Wrigley Field: The reason behind the Cubs’ failures


There’s nothing quite like it in all of professional sports. The flags atop the center field scoreboard blowing gently in a lakefront breeze, the ivy in full bloom with the 400 in stark contrast against the bricks in center field and the sound of 40,000 Cubbie faithful.

In the near future, Wrigley Field will undergo a major facelift. When I say major, I mean major to the tune of some $500 million. The owner of the Cubs, Tom Ricketts, finally reached a deal with the City of Chicago in July that cleared the path for the long-needed renovations to begin.

So what exactly does $500 million worth of work get you these days?

Approximately 40 percent of the $500 million will go into Wrigley Field. This will include increased signage – some 35,000 square feet of signage in and around the ballpark, a massive video board that will sit behind the left field bleachers, several aesthetic changes throughout the Confines and a generally modified experience for fans.

According to reports, some of the first work that will be done involves facilities used by players. Currently, the Cubs home clubhouse is smaller than most suburban high school locker rooms, and lacks modern batting cages and workout facilities. Currently, if a player needs to take cuts prior to a pinch hit appearance, the staff hangs netting in the clubhouse, where players take a few swings. Needless to say, this is not exactly common.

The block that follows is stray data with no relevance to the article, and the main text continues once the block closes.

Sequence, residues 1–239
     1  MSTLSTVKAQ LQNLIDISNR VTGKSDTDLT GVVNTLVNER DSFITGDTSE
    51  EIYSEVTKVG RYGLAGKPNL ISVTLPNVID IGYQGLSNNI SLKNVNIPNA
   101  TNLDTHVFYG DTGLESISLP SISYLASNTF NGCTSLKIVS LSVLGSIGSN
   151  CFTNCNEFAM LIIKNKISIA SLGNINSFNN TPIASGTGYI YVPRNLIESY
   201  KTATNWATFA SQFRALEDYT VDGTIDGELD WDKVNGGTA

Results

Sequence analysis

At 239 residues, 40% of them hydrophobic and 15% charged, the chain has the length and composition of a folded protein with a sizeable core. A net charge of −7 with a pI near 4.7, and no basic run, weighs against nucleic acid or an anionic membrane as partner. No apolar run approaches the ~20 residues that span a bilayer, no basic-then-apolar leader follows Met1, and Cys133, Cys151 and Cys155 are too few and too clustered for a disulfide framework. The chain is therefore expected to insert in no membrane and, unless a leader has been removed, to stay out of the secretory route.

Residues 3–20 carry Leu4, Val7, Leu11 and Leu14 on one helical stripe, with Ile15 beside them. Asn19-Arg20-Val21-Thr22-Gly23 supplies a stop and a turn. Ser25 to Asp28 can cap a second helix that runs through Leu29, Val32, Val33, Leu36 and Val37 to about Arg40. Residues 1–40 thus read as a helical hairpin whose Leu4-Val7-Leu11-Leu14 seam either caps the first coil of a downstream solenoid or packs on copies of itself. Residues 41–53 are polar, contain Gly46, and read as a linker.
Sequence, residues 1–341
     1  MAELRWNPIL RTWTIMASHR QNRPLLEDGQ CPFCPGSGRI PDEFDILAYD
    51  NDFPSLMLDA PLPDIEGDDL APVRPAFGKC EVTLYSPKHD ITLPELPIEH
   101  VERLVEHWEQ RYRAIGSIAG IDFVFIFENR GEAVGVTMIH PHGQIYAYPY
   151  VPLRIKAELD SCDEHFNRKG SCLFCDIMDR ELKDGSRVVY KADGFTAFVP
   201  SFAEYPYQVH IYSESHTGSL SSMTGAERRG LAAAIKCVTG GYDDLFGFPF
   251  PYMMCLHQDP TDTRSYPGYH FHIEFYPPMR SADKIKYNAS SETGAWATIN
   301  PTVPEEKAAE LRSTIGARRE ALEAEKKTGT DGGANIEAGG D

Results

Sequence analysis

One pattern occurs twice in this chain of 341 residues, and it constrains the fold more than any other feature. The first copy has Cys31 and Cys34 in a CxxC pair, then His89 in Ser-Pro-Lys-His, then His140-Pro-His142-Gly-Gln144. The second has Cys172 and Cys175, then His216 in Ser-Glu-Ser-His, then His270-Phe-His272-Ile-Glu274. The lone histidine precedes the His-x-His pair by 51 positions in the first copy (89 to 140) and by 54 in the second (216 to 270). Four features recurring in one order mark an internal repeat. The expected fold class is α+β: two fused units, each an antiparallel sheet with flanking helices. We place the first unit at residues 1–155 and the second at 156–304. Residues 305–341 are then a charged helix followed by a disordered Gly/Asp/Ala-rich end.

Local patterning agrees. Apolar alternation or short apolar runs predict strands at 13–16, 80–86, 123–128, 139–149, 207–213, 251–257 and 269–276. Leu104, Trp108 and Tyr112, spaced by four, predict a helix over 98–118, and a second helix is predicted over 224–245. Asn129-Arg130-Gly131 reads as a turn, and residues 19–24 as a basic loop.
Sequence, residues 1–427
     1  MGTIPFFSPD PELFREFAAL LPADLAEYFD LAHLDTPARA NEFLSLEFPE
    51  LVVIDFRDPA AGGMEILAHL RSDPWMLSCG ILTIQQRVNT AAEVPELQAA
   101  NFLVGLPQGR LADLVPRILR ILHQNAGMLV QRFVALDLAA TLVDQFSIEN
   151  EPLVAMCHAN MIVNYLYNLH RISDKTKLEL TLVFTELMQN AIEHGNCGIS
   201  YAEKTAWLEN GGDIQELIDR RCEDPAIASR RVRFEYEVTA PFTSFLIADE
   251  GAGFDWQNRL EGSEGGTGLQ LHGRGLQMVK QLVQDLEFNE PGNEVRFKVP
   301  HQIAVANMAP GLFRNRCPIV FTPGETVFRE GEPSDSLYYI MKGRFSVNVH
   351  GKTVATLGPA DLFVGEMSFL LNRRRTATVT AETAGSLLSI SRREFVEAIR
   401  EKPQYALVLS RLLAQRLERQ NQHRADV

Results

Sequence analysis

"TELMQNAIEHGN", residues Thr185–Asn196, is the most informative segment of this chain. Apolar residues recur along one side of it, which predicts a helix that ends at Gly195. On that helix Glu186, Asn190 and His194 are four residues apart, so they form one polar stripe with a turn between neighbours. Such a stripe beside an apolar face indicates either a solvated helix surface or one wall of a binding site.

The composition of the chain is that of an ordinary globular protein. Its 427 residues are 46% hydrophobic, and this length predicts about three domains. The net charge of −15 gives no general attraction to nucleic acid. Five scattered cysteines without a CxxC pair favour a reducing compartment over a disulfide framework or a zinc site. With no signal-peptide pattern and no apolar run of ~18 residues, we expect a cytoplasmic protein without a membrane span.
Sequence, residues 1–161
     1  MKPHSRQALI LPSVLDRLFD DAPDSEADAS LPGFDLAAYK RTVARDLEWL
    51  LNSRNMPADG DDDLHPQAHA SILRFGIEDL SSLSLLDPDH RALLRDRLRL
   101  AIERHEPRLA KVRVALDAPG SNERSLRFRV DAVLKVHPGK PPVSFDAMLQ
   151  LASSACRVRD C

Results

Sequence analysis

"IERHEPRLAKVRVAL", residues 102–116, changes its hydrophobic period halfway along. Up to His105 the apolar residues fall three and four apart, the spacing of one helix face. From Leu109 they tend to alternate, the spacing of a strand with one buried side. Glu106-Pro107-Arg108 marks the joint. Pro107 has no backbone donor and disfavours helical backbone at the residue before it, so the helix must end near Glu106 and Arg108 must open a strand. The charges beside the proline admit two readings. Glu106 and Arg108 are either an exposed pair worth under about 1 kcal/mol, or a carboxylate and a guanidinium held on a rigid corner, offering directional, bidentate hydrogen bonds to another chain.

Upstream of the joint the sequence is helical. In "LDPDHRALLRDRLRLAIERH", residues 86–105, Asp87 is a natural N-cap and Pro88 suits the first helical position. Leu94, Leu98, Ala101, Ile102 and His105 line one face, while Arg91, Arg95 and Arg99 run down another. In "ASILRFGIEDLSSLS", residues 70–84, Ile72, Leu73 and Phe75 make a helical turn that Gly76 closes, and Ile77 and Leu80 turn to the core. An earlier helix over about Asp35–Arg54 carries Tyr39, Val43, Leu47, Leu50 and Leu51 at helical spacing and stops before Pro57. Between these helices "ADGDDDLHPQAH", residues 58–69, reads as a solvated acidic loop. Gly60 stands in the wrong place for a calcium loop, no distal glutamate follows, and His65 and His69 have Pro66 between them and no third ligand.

The visitors clubhouse at Wrigley Field will also be among the first items addressed by the renovations. This will be part of an expansion on Sheffield and Addison that also includes a new restaurant.

No official timetable has been released, but several reports are indicating that the Ricketts family, who have been pushing for renovations since purchasing the team in 2010, are eager to start improvements following the 2013 season.

This, in my opinion, is the probably the second-highest need on the Cubs’ wish list. The first, which is increase signage and revenue streams, will be discussed later this week, but for the time being, we’ll focus on training facilities and clubhouses.

We all know the Cubs haven’t won a World Series since 1908. And frankly, we don’t need reminded of that fact. But I have a theory on why the team has been so unsuccessful. Let’s take a look at the last ten years’ worth of World Series Champions: San Francisco (2), St. Louis (2), New York, Philadelphia, Boston (2), Chicago and Florida. Of those seven teams, all but Florida had some major renovations in their home field, or played in a newer stadium altogether. The only field that wasn’t built after 1990 would be Sun Life Stadium, which is home to the Marlins – and construction was completed there in 1987. (Granted, St. Louis’ first World Series came at Old Busch Stadium, as the current Busch Stadium neared completion).

Thus, all of these teams benefitted from additional, and often massive, revenue streams that were unavailable to teams such as the Cubs, who play in an outdated facility that quite simply, does not have the potential to field a World Series Champion.

With increased revenue streams comes increased player development budgets, scouting budgets, more modern facilities and more money to spend on free agents. Why have the Cubs been so unsuccessful of late? Simple. Because they’re a 21st century team playing in a 20th century ballpark.